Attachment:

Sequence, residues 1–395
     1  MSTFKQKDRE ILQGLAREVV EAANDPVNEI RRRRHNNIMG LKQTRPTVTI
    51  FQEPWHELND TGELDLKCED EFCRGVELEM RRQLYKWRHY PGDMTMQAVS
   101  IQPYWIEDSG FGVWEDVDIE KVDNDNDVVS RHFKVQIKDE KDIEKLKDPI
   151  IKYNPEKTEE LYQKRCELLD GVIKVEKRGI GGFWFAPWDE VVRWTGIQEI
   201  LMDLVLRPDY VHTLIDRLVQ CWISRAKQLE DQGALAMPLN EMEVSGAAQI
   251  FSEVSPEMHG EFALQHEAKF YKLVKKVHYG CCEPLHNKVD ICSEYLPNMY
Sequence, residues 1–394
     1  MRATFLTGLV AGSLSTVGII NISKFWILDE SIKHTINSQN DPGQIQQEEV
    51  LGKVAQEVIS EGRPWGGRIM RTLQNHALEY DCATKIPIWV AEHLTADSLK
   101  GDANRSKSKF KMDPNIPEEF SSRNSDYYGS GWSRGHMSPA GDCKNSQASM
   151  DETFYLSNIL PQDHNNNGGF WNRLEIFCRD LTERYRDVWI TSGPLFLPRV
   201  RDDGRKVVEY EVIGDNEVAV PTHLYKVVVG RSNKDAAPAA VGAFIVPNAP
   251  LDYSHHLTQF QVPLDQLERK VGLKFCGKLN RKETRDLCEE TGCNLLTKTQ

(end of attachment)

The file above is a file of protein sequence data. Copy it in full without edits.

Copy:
Sequence, residues 1–395
     1  MSTFKQKDRE ILQGLAREVV EAANDPVNEI RRRRHNNIMG LKQTRPTVTI
    51  FQEPWHELND TGELDLKCED EFCRGVELEM RRQLYKWRHY PGDMTMQAVS
   101  IQPYWIEDSG FGVWEDVDIE KVDNDNDVVS RHFKVQIKDE KDIEKLKDPI
   151  IKYNPEKTEE LYQKRCELLD GVIKVEKRGI GGFWFAPWDE VVRWTGIQEI
   201  LMDLVLRPDY VHTLIDRLVQ CWISRAKQLE DQGALAMPLN EMEVSGAAQI
   251  FSEVSPEMHG EFALQHEAKF YKLVKKVHYG CCEPLHNKVD ICSEYLPNMY
Sequence, residues 1–394
     1  MRATFLTGLV AGSLSTVGII NISKFWILDE SIKHTINSQN DPGQIQQEEV
    51  LGKVAQEVIS EGRPWGGRIM RTLQNHALEY DCATKIPIWV AEHLTADSLK
   101  GDANRSKSKF KMDPNIPEEF SSRNSDYYGS GWSRGHMSPA GDCKNSQASM
   151  DETFYLSNIL PQDHNNNGGF WNRLEIFCRD LTERYRDVWI TSGPLFLPRV
   201  RDDGRKVVEY EVIGDNEVAV PTHLYKVVVG RSNKDAAPAA VGAFIVPNAP
   251  LDYSHHLTQF QVPLDQLERK VGLKFCGKLN RKETRDLCEE TGCNLLTKTQ